The past two decades have been a time of tremendous social, economic, and institutional change for all sectors of higher education, including the r development of technology, colleges and universities have also addressed issues of social relevance, accountability, diversity, and globalization. Although academic institutions are notoriously slow to change, they have experienced considerable ferment, prompting shifts in priorities and constituencies and within disciplines.
Because research libraries support all sectors of academic life, they reflect a context where these issues converge. This presents them with a challenge of unusual scale and complexity. In response, libraries have embraced new technologies and adjusted to the program priorities of their parent institutions. As the so-called information revolution has taken shape, libraries have also demonstrated broader leadership in bringing their intellectual and service missions to bear on the issues raised.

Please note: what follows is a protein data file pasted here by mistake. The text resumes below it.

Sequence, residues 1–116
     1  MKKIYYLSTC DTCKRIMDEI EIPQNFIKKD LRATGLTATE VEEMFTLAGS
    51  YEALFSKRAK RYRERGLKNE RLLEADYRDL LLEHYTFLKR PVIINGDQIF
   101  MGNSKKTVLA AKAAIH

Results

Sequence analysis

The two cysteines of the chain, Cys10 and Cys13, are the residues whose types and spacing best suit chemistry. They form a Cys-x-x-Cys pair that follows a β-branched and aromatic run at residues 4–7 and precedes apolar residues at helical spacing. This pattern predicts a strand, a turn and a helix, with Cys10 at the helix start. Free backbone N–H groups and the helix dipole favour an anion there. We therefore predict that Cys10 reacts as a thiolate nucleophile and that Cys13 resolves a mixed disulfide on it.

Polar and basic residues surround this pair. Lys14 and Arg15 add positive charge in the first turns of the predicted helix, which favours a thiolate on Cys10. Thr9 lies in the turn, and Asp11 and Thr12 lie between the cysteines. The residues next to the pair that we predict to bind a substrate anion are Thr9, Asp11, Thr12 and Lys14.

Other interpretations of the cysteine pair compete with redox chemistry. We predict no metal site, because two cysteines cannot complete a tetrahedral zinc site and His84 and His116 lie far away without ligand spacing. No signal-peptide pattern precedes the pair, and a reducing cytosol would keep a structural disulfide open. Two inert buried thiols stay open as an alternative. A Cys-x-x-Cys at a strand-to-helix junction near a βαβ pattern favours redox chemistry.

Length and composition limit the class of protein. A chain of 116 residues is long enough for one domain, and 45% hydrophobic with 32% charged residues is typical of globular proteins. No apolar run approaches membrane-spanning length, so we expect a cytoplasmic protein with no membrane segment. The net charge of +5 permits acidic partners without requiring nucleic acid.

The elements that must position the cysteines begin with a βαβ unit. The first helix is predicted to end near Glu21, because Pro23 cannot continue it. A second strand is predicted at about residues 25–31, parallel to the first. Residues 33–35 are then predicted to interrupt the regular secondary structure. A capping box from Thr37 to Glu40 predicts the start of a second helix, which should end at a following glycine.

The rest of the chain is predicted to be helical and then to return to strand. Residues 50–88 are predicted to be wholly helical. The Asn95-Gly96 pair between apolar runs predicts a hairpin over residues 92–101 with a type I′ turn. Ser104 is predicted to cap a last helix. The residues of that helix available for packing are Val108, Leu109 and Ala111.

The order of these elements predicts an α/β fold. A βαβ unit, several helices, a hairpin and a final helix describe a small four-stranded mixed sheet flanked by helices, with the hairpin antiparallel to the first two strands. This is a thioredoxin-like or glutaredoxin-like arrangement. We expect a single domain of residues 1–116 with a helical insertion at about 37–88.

However, libraries face significant challenges in responding to change while sustaining their traditional functions. With the explosion of information technology have come powerful competitive forces that raise fundamental questions about the role of libraries and librarians. Have the capabilities of the Internet and new information services-everything from Ask Jeeves to Amazon.com-given rise to credible competitors? Are libraries at risk of becoming irrelevant, or is the librarian’s expertise more critical than ever? Can the basic functions of libraries be maintained in a distributed information environment, or will totally new functions emerge?
The thesis explored in this paper is that the changes under way reflect an evolutionary path in which, as distributed and collaborative models emerge, libraries are taking on far more diffuse roles within the campus community and beyond. That is, libraries are becoming more deeply engaged in the creation and dissemination of knowledge and are becoming essential collaborators with the other stakeholders in these activities.